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Colorado Condemns Jack Phillips For Being A Devout Christian, Again

Jack Phillips
Image CreditADF/YouTube

‘Phillips works with all people and always decides whether to take a project based on what message a cake will express, not who is requesting it,’ an ADF press release states.

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Masterpiece Cakeshop owner and devout Christian Jack Phillips is facing another bout of legal persecution after the Colorado Court of Appeals ruled that he violated the state’s anti-discrimination laws for refusing to bake a cake celebrating transgenderism.

A three-judge panel determined on Thursday that Phillips’s firmly held belief that “God designed people male and female” is moot when it comes to his family business’s decision to decline to custom-create certain cakes.

The same day that the Supreme Court ruled in his favor in a similar case in 2018, Phillips’s shop was approached by transgender activist Autumn Scardina, who deliberately stated intent to “correct the errors of [Phillips’] thinking.” Scardina wanted Phillips to make a custom pink cake with blue icing to celebrate a “gender transition.” Scardina also requested a cake with “an image of Satan smoking marijuana.”

When Phillips refused because creating something celebrating transgenderism and Satan “conflicts with [his] Bible’s teachings,” which Scardina knew, Scardina sued him under the Colorado Anti-Discrimination Act (CADA) for allegedly denying the sale based on Scardina’s “gender status.”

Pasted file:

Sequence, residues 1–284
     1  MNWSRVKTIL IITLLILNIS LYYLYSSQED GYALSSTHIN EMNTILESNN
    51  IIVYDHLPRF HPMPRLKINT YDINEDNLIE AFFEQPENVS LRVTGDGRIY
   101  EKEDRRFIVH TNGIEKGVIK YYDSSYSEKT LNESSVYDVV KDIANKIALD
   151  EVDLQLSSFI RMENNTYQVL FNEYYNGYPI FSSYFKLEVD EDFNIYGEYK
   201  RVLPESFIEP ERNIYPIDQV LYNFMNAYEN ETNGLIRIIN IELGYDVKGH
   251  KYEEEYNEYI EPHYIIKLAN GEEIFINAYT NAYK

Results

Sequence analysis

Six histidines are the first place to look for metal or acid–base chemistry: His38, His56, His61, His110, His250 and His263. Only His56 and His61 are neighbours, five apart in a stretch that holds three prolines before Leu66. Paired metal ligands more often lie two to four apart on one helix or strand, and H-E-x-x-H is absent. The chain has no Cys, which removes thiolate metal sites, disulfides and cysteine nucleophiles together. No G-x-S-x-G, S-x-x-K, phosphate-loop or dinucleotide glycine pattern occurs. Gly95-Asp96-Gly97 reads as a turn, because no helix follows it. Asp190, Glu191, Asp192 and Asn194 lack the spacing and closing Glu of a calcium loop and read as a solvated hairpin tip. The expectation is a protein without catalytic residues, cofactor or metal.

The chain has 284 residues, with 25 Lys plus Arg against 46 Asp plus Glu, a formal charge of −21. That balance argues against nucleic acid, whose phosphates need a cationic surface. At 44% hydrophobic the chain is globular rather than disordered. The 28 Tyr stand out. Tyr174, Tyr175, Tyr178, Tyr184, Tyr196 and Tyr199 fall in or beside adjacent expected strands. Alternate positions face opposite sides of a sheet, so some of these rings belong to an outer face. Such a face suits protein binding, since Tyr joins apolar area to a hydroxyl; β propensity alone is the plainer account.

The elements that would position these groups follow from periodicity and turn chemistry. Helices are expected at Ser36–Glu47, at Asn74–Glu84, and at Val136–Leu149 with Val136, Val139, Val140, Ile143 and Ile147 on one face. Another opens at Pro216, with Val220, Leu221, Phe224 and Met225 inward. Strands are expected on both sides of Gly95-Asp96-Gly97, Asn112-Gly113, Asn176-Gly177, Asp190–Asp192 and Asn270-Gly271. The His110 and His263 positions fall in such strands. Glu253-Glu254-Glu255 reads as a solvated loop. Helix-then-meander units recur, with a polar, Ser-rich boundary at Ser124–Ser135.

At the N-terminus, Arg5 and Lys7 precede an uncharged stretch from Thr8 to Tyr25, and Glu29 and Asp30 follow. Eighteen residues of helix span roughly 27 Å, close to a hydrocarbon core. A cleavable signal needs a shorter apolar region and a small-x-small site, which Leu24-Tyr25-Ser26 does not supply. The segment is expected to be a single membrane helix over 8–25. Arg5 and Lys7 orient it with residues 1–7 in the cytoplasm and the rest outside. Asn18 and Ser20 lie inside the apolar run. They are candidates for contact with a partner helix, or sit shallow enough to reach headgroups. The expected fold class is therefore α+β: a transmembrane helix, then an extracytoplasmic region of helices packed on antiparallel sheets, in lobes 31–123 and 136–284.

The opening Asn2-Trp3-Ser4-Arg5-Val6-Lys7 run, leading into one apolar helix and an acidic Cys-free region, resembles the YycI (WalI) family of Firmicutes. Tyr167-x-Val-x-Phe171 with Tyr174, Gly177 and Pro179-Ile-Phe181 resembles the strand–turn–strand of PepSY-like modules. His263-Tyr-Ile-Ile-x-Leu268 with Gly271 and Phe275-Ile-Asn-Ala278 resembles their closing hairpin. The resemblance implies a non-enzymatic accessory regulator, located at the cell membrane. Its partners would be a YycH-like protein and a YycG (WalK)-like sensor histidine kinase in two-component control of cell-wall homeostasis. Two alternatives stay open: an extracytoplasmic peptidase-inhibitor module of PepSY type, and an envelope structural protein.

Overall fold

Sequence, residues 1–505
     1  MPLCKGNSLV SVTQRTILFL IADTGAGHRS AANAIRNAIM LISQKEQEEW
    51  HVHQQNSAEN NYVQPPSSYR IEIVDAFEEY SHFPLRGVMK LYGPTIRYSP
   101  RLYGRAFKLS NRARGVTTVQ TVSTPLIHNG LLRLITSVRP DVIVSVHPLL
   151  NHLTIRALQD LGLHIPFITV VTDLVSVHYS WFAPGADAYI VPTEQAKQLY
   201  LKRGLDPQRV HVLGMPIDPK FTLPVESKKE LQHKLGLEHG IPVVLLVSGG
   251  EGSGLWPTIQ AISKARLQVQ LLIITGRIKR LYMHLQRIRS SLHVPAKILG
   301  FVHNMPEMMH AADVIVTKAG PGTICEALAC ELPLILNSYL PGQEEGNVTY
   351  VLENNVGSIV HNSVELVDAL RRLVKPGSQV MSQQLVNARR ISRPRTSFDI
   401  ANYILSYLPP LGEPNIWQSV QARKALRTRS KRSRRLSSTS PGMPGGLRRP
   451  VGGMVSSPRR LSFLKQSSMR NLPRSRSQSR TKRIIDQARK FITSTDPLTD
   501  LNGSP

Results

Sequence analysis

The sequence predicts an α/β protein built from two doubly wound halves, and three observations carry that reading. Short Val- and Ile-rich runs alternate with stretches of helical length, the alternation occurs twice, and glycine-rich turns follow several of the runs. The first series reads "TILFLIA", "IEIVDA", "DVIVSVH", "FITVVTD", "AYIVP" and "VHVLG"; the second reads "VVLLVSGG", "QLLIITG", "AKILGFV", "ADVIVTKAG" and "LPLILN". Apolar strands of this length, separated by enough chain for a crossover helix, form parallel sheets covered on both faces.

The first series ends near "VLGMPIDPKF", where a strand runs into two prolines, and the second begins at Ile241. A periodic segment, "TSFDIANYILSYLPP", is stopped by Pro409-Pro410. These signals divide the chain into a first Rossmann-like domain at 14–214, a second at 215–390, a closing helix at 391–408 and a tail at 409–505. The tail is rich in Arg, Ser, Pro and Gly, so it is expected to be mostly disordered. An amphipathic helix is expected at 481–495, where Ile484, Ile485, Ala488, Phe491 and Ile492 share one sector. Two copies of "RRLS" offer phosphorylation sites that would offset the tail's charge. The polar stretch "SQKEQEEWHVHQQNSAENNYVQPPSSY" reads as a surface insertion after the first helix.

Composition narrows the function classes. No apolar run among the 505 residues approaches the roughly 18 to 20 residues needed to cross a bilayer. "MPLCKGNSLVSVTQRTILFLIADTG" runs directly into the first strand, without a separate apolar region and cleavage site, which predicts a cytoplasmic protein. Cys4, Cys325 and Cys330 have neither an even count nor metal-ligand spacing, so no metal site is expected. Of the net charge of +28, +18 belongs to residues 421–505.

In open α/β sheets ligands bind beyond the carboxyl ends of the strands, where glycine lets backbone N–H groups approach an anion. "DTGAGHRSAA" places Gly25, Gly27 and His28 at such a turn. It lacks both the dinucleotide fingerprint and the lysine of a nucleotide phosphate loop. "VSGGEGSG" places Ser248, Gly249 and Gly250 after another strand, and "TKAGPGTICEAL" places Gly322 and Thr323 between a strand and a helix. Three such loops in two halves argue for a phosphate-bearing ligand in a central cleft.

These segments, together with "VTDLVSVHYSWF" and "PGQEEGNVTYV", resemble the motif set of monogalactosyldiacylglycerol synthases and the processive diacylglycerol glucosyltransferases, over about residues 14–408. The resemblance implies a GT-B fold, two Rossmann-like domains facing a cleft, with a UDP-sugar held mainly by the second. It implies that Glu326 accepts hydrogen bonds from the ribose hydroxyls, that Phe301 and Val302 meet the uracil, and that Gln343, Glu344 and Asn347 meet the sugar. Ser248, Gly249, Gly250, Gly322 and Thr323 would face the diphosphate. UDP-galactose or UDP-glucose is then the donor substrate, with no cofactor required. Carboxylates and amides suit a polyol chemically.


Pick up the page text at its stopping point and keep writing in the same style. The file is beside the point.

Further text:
“Phillips works with all people and always decides whether to take a project based on what message a cake will express, not who is requesting it,” a press release from Alliance Defending Freedom, the organization representing Phillips, states.

For his belief “that a person’s gender is biologically determined,” Phillips was fined $500 by a trial court in 2021. Phillips appealed under the premise that his rejection of the cake order hinged on “firm and sincere religious beliefs and the right to be free from compelled speech that would violate those beliefs.

The appeals court, however, concluded that the cake Scardina tried to order inherently “expressed no message.” The judges conceded that “expressive conduct need not contain verbal speech or the written word to be entitled to First Amendment protection” but concluded that “not all conduct constitutes speech.”

ADF already announced its plans to appeal the court of appeals’ decision.

“Free speech is for everyone. No one should be forced to express a message that violates their core beliefs,” ADF Senior Counsel Jake Warner and Phillips’s lawyer said in a statement. “Over a decade ago, Colorado officials began targeting Jack, misusing state law to force him to say things he does not believe. Then an activist attorney continued that crusade. This cruelty must stop.”

For more than 10 years now, Phillips has endured persecution over his deeply held religious convictions related to sex and marriage.

Phillips won a partial victory on a similar issue in 2018 when the Supreme Court decided that the Colorado officials who wanted to punish the cake decorator for refusing to make a cake celebrating a homosexual marriage in 2012 displayed “a clear and impermissible hostility toward [Phillips’] sincere religious beliefs.”

The Supreme Court has an opportunity to reaffirm Christians’ rights to refuse certain services on religious grounds in 303 Creative v. Elenis, another ADF case in which a Christian artist challenges Colorado laws about discrimination, but has yet to release that decision.


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